Many relationships suffer from being what we call a "relationship-of-one." In this case neither person has a solid sense of self. What they do is jostle back and forth in an overt or covert power struggle, each one trying to be the arbiter of reality for both of them. So in one moment one of them is dominant. Then the power balance shifts toward the other person who is dominant for a while. Neither has a center, only the unconscious sense that somehow a center has to be established so their relationship doesn't careen out of control.
Here's a simple example. We did a workshop in Florida a number of years ago. One woman complained about the way her dates were treating her. She felt taken for granted. Unseen. So Jim did a short exercise with her. He said:
"Imagine that a friend invites you to dinner and asks you what you would like to eat. What would you say?"
She had no problem telling us that she liked rotisserie chicken and gave us the name of her favorite place. In other words, she had a sense of herself and announced her preference without any trouble.
The Jim said, "Okay. Now imagine I'm a man you're interested in and we have a date. I call to ask you what you would like to have for dinner. What do you say?"
Without a moment's hesitation she said., "Oh I don't know. Whatever you prefer."
In that exchange she set up a relationship-of-one. She vanished and left it entirely up to her date. She later confessed that she resented men for being bossy and always felt like they had to be in charge. To get back at them, after she'd been dating someone for awhile she would manipulate for control by playing hard-to-get in order to have a sense of power. In other words, she covertly took back control yet unconsciously made it a relationship-of-one now based on her needs and wants rather than the man's..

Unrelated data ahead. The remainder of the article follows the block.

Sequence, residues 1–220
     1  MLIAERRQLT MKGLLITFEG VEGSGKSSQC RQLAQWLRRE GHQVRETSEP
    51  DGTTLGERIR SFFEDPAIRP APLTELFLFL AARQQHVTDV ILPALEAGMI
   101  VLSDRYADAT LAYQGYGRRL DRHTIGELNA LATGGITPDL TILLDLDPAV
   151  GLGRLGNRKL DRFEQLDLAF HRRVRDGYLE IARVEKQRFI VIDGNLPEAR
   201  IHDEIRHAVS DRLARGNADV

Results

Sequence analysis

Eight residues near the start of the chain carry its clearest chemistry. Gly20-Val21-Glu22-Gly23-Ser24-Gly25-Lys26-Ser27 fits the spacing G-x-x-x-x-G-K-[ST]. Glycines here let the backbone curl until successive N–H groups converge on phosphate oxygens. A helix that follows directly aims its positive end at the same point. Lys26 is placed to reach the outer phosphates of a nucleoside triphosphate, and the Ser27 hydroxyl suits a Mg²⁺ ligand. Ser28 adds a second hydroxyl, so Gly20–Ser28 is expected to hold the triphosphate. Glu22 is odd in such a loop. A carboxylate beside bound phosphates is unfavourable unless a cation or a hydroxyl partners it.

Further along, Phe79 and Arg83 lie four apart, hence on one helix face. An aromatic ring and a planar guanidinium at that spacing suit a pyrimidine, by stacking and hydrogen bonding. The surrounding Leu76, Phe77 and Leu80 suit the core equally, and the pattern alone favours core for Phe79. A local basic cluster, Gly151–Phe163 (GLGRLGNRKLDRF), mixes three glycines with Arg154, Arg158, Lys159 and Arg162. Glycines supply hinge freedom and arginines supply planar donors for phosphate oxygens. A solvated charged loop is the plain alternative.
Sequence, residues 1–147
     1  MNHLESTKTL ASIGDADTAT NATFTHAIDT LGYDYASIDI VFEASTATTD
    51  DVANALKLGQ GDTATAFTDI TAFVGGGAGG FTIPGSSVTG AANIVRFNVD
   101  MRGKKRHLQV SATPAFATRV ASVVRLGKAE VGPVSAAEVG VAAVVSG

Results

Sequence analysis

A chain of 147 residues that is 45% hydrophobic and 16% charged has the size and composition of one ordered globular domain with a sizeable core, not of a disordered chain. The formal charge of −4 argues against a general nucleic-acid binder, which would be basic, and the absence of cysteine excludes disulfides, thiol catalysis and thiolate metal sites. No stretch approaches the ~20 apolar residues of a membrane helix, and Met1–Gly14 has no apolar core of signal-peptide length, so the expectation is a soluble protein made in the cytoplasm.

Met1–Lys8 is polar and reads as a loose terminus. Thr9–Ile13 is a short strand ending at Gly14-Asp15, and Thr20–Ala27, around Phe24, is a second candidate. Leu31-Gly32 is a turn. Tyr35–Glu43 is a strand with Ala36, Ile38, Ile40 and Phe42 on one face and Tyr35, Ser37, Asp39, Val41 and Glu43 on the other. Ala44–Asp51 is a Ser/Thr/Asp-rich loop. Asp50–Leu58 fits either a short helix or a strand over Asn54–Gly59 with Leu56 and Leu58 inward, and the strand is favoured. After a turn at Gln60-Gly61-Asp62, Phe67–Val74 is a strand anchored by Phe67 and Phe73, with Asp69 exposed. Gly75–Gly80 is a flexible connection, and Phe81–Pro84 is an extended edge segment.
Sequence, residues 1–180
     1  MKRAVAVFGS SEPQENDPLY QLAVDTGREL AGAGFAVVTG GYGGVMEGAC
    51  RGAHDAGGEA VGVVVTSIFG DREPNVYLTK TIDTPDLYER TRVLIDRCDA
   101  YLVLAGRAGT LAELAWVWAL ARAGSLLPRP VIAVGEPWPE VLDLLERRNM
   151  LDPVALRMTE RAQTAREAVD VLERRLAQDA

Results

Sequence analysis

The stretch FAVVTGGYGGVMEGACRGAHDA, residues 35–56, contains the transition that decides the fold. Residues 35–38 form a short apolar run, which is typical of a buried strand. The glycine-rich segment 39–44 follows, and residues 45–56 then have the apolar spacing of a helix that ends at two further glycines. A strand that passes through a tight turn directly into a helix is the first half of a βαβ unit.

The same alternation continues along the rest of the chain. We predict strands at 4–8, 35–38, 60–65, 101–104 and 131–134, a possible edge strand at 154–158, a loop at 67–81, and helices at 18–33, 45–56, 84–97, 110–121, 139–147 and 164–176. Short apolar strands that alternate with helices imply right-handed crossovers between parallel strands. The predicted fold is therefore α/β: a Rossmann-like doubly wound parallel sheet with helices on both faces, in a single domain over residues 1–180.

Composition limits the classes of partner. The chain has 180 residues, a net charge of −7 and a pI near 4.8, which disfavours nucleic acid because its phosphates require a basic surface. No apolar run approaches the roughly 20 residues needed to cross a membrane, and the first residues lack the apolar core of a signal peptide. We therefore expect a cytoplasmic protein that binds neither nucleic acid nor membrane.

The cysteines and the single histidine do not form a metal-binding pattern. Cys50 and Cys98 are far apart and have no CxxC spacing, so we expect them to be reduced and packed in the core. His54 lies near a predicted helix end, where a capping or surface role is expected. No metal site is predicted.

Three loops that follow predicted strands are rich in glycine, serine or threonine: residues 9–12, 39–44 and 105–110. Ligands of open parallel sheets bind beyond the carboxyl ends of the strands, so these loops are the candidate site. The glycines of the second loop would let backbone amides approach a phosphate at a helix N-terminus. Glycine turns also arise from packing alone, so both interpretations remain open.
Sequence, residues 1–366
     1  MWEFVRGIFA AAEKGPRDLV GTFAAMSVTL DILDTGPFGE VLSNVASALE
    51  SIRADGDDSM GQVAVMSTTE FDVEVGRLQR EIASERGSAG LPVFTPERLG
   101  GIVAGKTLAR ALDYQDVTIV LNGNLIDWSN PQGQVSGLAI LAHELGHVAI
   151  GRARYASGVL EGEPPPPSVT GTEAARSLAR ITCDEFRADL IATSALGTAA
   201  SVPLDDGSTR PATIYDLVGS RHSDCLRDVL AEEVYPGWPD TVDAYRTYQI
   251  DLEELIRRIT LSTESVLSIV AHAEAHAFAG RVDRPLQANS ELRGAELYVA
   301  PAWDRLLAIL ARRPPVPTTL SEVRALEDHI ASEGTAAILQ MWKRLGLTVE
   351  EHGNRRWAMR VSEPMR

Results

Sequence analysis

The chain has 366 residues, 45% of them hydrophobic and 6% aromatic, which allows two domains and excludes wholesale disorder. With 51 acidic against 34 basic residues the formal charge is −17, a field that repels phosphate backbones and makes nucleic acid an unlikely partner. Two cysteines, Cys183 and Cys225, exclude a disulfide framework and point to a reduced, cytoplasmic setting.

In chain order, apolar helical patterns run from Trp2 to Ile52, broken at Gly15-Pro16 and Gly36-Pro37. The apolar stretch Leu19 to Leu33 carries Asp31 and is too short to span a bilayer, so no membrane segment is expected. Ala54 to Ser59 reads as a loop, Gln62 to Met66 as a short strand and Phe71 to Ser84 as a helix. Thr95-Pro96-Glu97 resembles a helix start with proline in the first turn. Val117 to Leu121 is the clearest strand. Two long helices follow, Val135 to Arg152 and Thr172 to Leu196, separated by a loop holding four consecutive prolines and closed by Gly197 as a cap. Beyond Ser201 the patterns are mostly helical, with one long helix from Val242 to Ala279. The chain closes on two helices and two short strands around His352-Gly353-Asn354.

Because not many of us have truly been encouraged to have a strong self, a self that we trust, enjoy, and are willing to express, many couples endure the very unsatisfying and deeply confusing relationship-of-one. They know something is wrong but are not sure what and end up blaming each other in a futile and desperate attempt to make things right.
In order for a relationship to succeed there have to be two people willing to show up and be who they are. That begins right from the first moment of the first date and carries through the life of two people being together.
For those of you who are dating, please be aware that the way you handle yourself is your way of telling your date how you want to be treated. That is very critical. If you put on a show, then you are a performance. If you are willing to put yourself out to see if you are liked and if you like who you are with, then you are telling your date who you are. That in itself sets up the precedent that you are someone who has a sense of self and you expect to be acknowledged and respected for it. By doing that you are saying right from the beginning that your want a relationship in which there are two people expressing and co-creating what you will have together.
© 2005, The New Intimacy
Intimacy is spelled "in to me you see". - Stan Dale
I have always made a distinction between my friends and my confidants. I enjoy the conversation of the former; from the latter I hide nothing. - Edith Piaf
Husband and wife psychology team, Judith Sherven and Jim Sniechowski, are the bestselling authors of "The New Intimacy" and "Opening to Love 365 Days a Year." Their latest book is Be Loved for Who You Really Are: How the differences between men and women can be turned into the source of the very best romance you'll ever know. They provide corporate trainings on breaking through resistance to success and relationship workshops about The Magic of Differences--romance based on respect and value for each other's unique ways. As guest experts they've been on over 600 television and radio shows including Oprah, The O'Reilly Factor, 48 Hours, Canada AM, and The View. Visit their website at www.themagicofdifferences.com
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